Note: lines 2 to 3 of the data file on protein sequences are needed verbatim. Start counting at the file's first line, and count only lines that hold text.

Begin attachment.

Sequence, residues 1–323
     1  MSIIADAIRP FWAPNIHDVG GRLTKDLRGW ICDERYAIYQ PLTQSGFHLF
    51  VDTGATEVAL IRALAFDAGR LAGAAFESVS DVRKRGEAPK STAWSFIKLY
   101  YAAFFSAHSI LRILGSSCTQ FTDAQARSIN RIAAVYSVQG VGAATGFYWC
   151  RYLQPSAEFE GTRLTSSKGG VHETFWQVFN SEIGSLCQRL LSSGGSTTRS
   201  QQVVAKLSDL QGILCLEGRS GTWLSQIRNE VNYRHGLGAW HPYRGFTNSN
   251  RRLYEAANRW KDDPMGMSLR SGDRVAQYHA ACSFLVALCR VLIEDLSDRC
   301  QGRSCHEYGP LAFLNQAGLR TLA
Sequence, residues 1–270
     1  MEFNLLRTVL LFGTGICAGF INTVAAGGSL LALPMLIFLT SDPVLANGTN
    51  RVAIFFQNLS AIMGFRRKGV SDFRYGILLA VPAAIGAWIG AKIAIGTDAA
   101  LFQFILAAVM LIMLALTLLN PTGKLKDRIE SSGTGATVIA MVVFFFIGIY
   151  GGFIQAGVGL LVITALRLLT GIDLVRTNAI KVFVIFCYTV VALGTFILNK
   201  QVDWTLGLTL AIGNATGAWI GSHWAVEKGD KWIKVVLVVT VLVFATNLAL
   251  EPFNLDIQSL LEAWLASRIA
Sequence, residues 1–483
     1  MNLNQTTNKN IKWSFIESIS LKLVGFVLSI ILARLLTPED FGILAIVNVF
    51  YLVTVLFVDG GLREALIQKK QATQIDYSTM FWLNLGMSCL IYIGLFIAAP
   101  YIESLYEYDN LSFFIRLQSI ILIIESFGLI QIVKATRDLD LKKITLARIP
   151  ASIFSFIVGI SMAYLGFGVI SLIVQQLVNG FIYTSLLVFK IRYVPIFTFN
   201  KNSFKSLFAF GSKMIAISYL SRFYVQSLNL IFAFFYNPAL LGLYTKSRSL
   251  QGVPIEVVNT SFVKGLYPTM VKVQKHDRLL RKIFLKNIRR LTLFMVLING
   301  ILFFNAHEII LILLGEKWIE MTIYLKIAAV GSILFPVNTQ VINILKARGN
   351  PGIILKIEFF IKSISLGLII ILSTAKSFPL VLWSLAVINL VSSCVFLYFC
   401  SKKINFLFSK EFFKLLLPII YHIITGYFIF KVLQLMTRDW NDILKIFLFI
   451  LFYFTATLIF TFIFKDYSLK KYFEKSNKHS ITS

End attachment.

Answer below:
     1  MSIIADAIRP FWAPNIHDVG GRLTKDLRGW ICDERYAIYQ PLTQSGFHLF
    51  VDTGATEVAL IRALAFDAGR LAGAAFESVS DVRKRGEAPK STAWSFIKLY